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9-11 Responders Have Higher Rates of Prostate Cancer

9-11 Responders Have Higher Rates of Prostate CancerRates of prostate cancer are higher among first responders who handled operations at New York City’s World Trade Center (WTC) following the terrorist attacks on September 11, 2001. And now, scientists think they might have an explanation.

Their research, published in June 2019 in Molecular Cancer Research, suggests that toxic dust inhaled at the WTC site could be to blame.

The dust contains “carcinogens and tumor-promoting agents,” that could be linked to DNA damage, cell proliferation, and chronic inflammation, the authors wrote.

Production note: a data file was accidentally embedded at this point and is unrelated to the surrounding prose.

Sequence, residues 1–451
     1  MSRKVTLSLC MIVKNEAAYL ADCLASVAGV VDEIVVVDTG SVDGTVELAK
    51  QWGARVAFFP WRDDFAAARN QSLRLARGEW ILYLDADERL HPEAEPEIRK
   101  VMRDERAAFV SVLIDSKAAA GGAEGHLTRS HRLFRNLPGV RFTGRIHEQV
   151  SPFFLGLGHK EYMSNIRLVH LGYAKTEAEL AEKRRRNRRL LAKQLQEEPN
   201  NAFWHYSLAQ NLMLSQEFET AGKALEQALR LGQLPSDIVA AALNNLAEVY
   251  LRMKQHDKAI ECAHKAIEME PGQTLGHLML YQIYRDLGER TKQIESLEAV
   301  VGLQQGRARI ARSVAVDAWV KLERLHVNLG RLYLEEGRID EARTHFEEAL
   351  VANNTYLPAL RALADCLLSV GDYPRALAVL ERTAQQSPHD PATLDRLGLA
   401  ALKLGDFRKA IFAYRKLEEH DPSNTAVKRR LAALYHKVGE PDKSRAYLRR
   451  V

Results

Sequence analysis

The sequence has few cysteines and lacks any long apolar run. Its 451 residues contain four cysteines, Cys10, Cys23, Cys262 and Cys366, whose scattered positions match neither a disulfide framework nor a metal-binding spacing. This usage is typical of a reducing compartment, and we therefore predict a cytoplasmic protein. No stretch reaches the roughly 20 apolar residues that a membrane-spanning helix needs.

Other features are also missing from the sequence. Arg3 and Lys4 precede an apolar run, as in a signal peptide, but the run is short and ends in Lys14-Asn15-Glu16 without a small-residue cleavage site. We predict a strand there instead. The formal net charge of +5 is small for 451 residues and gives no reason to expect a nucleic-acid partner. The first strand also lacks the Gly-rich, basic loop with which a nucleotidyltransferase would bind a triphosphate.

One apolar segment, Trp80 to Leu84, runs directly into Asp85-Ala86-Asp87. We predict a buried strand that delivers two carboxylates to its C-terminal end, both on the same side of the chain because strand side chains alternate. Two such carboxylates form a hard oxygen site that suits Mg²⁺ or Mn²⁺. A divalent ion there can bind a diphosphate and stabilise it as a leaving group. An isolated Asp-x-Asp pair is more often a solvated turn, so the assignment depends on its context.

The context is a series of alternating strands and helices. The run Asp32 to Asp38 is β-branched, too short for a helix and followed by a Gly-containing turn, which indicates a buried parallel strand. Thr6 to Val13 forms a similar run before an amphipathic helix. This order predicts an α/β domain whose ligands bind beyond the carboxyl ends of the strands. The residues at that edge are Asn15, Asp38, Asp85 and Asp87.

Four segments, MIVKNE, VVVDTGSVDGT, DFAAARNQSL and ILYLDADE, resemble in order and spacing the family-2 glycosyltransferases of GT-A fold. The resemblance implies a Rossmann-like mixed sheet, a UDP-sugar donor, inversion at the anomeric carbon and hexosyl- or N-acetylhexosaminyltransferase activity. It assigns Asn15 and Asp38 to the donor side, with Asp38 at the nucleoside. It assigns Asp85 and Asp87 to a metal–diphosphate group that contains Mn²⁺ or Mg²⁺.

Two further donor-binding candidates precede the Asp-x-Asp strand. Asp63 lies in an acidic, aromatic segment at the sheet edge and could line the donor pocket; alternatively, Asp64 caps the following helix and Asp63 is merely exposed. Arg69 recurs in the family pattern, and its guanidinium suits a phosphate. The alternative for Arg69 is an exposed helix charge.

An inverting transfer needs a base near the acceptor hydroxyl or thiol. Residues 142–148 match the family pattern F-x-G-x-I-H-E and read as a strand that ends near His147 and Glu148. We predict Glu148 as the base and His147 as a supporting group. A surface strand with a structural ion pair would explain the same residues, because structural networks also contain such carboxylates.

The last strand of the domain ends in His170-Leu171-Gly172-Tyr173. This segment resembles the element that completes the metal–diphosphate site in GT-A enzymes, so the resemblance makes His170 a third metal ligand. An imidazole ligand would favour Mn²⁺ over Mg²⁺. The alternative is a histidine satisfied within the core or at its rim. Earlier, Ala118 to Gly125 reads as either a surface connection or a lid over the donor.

The researchers compared two groups of prostate tissue samples. The first came from 15 men who had been exposed to WTC dust and developed prostate cancer. The second came from men who had prostate cancer, but had not been exposed to WTC dust.

When comparing the samples, the scientists discovered that the men exposed to WTC dust showed greater degrees of inflammation and genetic change that could contribute to cancer.

Next, the researchers worked with rats to learn more about WTC dust and prostate inflammation. After 30 days of dust exposure, the rats had genetic changes in their prostate tissue related to inflammation.

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